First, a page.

For an economy to arrive at a point of considering such unconscionable measures to save itself from bankruptcy and a permanent impairment of the operations of the economy speaks volumes of the competence of Government and the options available to a once powerful economy.
According to reports following the meeting, Rowley also told party supporters: “He was not saying that devaluation was a “bad or impossible thing”, but just like the International Monetary Fund (IMF) was a lender of last resort, devaluation was a last option “when all else fails”.
Post-meeting reports also stated: “Rowley said between 2014 and 2016 Government subsidised water to the tune of $6 billion (“as bad as the service is”); petroleum subsidy in the same period was $13 billion; The UWI-$2 billion, UTT-$1.2 billion between 2014 and 2016; GATE-$1.98 billion; the public service wage bill- $20.7 billion; social programmes such as URP and CEPEP in 2014 to 2016 cost the Treasury $12 billion.”
With at least one previous budget mid-year review bringing increases in fuel prices, and the Finance Minister saying that since there was no rioting, he would consider raising fuel prices again, citizens, business leaders and political watchers are looking on nervously.
Some experts reported in the local daily print media have suggested that the Mid-Year Review deal specifically with the Trinidad and Tobago Revenue Authority; cuts in the Government’s annual wage bill; reduced spending on transfers and subsidies and a reduction in Value Added Tax (VAT) for the local construction sector.
Former Unit Trust Executive Director, Clarry Benn, said he was particularly interested in Government’s report on the disparity between expenditure and revenue, and the functioning of the economy on lower revenue streams.
Former Trade, Industry, Investment and Communication Minister, Vasant Bharath, was more interested in the Government’s plans to protect jobs, prevent further job losses and generate new employment opportunities.
Bharath also emphasized the importance of withdrawing the Property Tax, because of the burden it will place on an already struggling business sector, and families.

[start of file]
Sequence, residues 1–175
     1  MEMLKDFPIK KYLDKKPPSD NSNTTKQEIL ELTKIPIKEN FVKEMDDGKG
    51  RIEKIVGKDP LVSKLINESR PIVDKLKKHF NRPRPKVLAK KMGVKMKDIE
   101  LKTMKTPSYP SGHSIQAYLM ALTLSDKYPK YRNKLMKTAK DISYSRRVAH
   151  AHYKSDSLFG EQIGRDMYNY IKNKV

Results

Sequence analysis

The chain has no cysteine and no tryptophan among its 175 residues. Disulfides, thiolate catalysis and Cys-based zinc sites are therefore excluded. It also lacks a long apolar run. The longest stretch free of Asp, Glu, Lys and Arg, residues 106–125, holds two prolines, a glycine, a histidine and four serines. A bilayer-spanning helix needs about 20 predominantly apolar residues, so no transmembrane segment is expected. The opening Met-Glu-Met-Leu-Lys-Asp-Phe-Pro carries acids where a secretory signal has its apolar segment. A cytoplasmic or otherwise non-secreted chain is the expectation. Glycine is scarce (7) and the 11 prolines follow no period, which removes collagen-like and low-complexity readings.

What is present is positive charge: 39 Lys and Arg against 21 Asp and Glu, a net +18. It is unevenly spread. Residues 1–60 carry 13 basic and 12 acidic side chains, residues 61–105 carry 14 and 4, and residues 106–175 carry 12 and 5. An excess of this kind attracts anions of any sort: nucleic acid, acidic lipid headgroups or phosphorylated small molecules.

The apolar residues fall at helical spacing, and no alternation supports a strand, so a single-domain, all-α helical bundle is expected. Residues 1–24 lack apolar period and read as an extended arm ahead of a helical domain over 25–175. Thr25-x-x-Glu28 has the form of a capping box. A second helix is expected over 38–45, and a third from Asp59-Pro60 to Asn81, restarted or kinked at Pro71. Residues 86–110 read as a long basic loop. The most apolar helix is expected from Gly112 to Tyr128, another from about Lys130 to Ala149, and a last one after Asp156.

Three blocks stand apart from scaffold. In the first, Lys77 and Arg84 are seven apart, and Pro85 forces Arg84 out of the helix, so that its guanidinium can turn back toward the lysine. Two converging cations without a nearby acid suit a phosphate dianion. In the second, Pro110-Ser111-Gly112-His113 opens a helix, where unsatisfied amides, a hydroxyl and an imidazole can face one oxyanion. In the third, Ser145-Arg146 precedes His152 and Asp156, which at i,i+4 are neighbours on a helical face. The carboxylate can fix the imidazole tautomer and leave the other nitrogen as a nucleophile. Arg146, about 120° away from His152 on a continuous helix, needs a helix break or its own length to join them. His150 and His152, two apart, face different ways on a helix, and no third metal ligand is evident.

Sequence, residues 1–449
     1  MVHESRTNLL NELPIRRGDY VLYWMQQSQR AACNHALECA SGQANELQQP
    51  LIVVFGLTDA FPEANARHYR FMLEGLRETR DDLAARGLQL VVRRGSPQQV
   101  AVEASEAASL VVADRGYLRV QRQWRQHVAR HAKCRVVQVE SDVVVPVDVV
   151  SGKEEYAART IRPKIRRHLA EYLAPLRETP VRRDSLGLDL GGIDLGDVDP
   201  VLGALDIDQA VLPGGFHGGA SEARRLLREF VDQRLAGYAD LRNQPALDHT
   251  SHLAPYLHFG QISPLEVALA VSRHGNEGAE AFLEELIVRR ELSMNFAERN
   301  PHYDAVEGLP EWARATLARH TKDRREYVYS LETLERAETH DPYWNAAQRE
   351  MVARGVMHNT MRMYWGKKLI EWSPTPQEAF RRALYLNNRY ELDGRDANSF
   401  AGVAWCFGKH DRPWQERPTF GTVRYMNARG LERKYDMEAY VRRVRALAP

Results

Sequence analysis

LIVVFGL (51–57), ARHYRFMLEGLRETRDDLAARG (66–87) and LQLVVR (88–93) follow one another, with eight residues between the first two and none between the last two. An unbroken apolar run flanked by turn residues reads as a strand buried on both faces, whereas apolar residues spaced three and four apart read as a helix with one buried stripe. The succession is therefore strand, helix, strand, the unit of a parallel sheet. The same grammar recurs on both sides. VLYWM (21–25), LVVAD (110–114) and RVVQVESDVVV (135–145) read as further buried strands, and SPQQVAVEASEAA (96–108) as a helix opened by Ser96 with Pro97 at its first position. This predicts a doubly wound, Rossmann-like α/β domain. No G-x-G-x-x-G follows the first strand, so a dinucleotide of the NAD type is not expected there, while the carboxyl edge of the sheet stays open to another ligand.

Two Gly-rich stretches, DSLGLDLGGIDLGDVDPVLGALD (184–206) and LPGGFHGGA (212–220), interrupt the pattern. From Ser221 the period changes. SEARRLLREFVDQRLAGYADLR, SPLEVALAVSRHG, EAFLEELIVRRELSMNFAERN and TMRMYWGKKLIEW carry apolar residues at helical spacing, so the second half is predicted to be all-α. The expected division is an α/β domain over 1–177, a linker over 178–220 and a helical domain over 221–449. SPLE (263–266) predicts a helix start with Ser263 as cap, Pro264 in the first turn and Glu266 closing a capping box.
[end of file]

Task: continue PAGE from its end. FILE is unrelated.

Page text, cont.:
g with them to create a better sync between policy and the business environment.
Arjoon also looked forward to hearing of Government’s capital expenditure programme.
At the Central Bank, its March 2017 Economic Bulletin summarized the economic environment saying: “In Trinidad and Tobago, production indicators of real economic activity monitored by the Central Bank suggest weaker performances in both the energy and non-energy sectors in the latter half of 2016.”
The Economic Bulletin also stated: “Available data suggest that non-energy output may not have been strong in the third quarter of 2016. Construction activity appears to have been subdued as indicated by large declines in local sales of cement and retail sales of hardware and construction materials. The decline in the Index of Retail sales for the third quarter of 2016 also points to marked contractions in distribution activity.”
On the State of Government’s finances, the Central Bank report stated: “Provisional data provided by the Ministry of Finance suggest that the central government recorded a deficit of $2.5 billion for the first quarter of FY2016/17. This was financed through domestic borrowing comprising of Government draw-downs on the overdraft facility with the Central Bank and the issuance of a $1.0 billion domestic bond in December 2016. Notwithstanding new borrowing by the Central Government, the public sector debt outstanding declined to $87.4 billion (56.6 per cent of GDP) at the end of December 2016 from $88.3 billion (60 per cent of GDP) at the end of September 2016 owing to repayments on contingent debt.”
On conditions in foreign exchange availability to the business sector, the Central Bank report stated: “With falling inflows from the energy sector, conditions within the domestic foreign exchange market remained tight during the first six months of 2016. In order to support the market, the Central Bank sold US$706.6 million to authorized dealers in the first six months of 2016. The financial account registered a net inflow of US$573.0 million, which was a reversal of the net outflow of US$429.0 million in the similar period in 2015.”
This means that the Foreign Reserves account is experiencing decline whereas before there was sufficient FOREX replacement, and net surpluses.
Provisional data shows that the economy declined by 2.3% for 2016, with a huge 9.6% contraction in energy and decline of 1.8% in the non-energy sector.
Between 2015 and 2016, unemployment moved from 3.4% to 4.1% in a labour force of 640,900 persons.
So while Finance Minister Imbert prepares what will amount to another tirade on the lack of virtue of the previous Government, citizens await a firm, clear account of how Trinidad and Tobago will navigate out of hardship into prosperity.